You compare typical/high achieving students in the three countries. What you fail to mention at all is that it is not even typical to be a high school student in India. The youth literacy rate is below 80% (female rates drastically lower than male's). World Bank statistics found that fewer than 40 percent of adolescents in India attend secondary schools. The Economist reports that half of 10-year-old rural children could not read at a basic level, over 60% were unable to do division, and half dropped out by the age 14. Using the same standard, US literacy is around 98%. By comparison to India, 70+% of the US population has been educated through grade 12.
India NOT full of geniuses compared to the US in spite of its enormous population.
So much for "typical for about 25% of the STUDENTS". Instead, you should report 'of the total youth' in each country.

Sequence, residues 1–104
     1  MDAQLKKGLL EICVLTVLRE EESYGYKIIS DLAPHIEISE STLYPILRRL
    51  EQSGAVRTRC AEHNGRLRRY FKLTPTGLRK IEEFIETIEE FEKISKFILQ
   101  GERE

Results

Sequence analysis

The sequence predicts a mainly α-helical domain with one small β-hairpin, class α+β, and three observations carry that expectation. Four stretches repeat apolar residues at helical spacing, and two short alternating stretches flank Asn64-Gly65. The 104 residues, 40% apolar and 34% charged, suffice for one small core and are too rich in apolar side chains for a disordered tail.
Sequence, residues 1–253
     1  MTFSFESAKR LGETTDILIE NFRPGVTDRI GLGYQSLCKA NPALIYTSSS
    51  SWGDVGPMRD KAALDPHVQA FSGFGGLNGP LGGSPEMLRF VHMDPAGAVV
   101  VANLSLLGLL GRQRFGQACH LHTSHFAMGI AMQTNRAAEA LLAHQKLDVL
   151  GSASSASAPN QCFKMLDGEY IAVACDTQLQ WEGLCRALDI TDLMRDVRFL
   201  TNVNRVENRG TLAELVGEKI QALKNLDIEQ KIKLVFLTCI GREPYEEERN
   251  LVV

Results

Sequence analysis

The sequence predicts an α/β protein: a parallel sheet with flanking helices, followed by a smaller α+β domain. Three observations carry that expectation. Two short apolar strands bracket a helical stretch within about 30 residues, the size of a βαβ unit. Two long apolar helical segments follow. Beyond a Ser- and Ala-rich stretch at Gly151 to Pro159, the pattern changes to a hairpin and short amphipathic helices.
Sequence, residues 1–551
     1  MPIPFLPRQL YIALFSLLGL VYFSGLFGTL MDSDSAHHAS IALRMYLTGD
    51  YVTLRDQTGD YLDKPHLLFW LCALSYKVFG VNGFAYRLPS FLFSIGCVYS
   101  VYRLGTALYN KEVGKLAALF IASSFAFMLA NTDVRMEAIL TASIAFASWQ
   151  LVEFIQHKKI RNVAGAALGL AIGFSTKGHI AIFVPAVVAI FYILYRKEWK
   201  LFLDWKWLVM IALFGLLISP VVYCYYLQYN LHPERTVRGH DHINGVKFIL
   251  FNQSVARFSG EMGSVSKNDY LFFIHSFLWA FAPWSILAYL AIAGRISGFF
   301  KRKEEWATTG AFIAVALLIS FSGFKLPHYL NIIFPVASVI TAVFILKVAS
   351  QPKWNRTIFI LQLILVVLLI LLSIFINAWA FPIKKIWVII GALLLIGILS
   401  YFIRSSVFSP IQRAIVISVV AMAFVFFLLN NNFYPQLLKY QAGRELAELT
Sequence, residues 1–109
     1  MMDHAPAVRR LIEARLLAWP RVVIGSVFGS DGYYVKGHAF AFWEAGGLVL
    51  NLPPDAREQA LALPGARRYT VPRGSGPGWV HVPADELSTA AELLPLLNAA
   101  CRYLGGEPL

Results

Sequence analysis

The real problem in the US is not with K-8, but with 8-12 ONLY.
Why not analyze the effect of teacher's unions on poor education quality?


K-12 Student Population (in school)
US - 54 million
INDIA - 212 million
CHINA - 200 million

Granted, India and China have another couple hundred million students so poor they are not in school. This however does not nullify the education gained by the 412 million in school.

The US graduated 2.8 million high school students in 2008; India graduated 8 million; China 10 million.

Whether the Indians and Chinese are better educated than Americans today is not really material. In the long run, their numbers will overwhelm ours.